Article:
Some folks mistakenly think that this feast refers to our Lord – that he was immaculately conceived, without stain of sin. Well, that’s true, but that’s what the Annunciation is all about, not the Immaculate Conception. The Solemnity of the Immaculate Conception refers to the conception of the Blessed Virgin Mary, who was conceived without original sin in order to be a perfectly pure vessel for the Incarnation. the Church teaches that she was “pre–redeemed” so that she would be worthy of bearing the Son of God.

What Ms. Wacker taught us applies also to the Blessed Virgin Mary and the Solemnity of the Immaculate Conception. Jesus, because he is God, simply could not be conceived in the womb that harbored sin!

Here is the solemn proclamation, given by Pope Pius XI on December 8, 1854 in the papal bull, Ineffabilis Deus:

“… the doctrine, which holds that the Most Blessed Virgin Mary at the first moment of her conception was, by singular grace and privilege of the Omnipotent God, in virtue of the merits of Jesus Christ, Savior of the Human race, preserved from all stains of original sin, is revealed by God, and therefore to be firmly and resolutely believed by all the faithful.” (Dogmatic bull Ineffabilis Deus, of Dec. 8, 1854.)

What does that mean for us? It means that we can be assured that we have the holiest, most virtuous, most loving, and absolute best mother ever possible! Since we are members of the Body of Christ, and Mary is Christ’s Mother, then she is our Mother, too. Do you remember that our Lord asked her specifically to be our mother as he hung dying on the cross? He said to St. John, “Son, behold your mother. Mother, behold your son.” (Jn 19: 26) We are the “son” and Mary is the Mother.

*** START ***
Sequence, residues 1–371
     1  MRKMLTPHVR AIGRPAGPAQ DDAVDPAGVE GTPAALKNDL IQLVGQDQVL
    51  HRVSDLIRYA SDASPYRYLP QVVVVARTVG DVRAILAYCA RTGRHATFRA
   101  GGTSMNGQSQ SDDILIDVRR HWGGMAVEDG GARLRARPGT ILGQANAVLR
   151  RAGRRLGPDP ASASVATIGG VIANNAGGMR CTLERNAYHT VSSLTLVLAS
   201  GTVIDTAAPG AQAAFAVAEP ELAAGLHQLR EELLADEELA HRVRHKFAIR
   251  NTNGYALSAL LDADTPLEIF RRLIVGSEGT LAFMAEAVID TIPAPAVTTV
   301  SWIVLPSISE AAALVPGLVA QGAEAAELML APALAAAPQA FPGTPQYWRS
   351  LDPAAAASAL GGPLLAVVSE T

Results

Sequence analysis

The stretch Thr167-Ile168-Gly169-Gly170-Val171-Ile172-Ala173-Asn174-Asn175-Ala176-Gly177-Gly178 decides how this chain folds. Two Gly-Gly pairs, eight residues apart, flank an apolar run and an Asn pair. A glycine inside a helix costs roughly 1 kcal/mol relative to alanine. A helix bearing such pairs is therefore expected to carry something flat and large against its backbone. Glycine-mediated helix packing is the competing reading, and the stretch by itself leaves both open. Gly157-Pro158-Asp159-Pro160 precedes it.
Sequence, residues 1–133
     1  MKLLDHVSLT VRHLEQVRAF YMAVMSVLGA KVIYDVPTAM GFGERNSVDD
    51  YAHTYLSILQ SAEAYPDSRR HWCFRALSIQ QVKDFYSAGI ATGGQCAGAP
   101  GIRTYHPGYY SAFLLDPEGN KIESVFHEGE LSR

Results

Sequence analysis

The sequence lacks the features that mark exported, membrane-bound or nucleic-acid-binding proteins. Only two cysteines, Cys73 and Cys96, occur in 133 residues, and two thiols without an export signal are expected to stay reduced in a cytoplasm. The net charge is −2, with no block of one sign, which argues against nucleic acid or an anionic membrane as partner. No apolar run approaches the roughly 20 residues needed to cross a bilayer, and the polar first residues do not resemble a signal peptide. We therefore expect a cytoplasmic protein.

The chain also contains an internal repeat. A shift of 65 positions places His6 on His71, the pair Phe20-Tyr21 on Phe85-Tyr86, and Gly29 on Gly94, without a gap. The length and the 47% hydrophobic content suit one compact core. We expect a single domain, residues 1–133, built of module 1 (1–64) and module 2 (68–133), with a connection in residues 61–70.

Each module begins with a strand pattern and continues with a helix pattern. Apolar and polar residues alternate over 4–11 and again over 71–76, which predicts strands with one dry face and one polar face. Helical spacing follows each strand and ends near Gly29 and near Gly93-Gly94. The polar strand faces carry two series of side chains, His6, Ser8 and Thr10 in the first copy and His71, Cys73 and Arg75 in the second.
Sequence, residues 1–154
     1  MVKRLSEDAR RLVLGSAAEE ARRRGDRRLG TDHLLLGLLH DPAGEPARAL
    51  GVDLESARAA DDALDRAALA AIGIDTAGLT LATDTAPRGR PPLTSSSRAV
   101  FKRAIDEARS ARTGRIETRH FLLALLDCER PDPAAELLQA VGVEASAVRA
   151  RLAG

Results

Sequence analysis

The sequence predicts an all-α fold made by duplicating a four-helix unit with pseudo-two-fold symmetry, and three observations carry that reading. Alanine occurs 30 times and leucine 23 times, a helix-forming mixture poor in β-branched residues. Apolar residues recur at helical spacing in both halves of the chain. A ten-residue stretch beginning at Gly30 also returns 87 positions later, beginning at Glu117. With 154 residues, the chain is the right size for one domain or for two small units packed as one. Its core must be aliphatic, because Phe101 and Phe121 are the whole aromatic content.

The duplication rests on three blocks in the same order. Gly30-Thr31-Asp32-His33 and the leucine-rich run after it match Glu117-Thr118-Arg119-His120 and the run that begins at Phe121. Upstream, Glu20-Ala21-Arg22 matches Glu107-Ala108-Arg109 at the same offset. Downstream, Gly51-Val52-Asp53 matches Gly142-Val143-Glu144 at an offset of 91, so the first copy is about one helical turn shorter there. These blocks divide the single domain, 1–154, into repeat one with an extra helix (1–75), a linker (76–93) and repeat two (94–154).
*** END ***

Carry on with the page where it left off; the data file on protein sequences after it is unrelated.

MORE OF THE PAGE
So today, perhaps we can take a little pause in our Advent observance to celebrate the doctrine of the Immaculate Conception and the glorious virtues of our Blessed Mother. At the close of his papal bull, Pope Pius XI said,

Let all the children of the Catholic Church, who are so very dear to us, hear these words of ours. With a still more ardent zeal for piety, religion and love, let them continue to venerate, invoke and pray to the most Blessed Virgin Mary, Mother of God, conceived without original sin. Let them fly with utter confidence to this most sweet Mother of mercy and grace in all dangers, difficulties, needs, doubts and fears. Under her guidance, under her patronage, under her kindness and protection, nothing is to be feared; nothing is hopeless. Because, while bearing toward us a truly motherly affection and having in her care the work of our salvation, she is solicitous about the whole human race. And since she has been appointed by God to be the Queen of heaven and earth, and is exalted above all the choirs of angels and saints, and even stands at the right hand of her only-begotten Son, Jesus Christ our Lord, she presents our petitions in a most efficacious manner. What she asks, she obtains.  Her pleas can never be unheard.

These words are not only beautiful, but also meaningful and could become for us a source of meditation for the day. Do you have a special intention for which you have been praying? Take it to the Immaculate Conception! As Pope Pius XI said, “Her pleas can never be unheard.” Go to her, she’s waiting for you with open arms!

 

 

 

Image: Immaculate Conception, Murillo, 1650, Public Domain



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Blessed Feast of St. Nicholas!

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Blessed Feast of St. Nicholas!


Here is a poem by Ogden Nash that I’m sure you’ll enjoy. It’s a light-hearted, modern approach to a deeply loving, cherished old saint. I hope your stocking is filled with all kinds of good things this morning. More importantly, may St. Nicholas shower you with spiritual gifts and blessings throughout the day. Blessed Feast of St. Nicholas!

Once there was a saint called St. Nicholas of Myra,

And his reputation for veracity was better than that of
Ananias and Sapphira,

So when he recently called upon me with his complaint,

Well, I knew I was listening to a truthful saint.

He was also an angry saint, he was spoiling for a rhubarb
or a scrimmage;

He was indignant over the vulgarization of his public image.

He said he hardly dared step out of Heaven for very shame

Because some obese buffoon known as Santa Claus had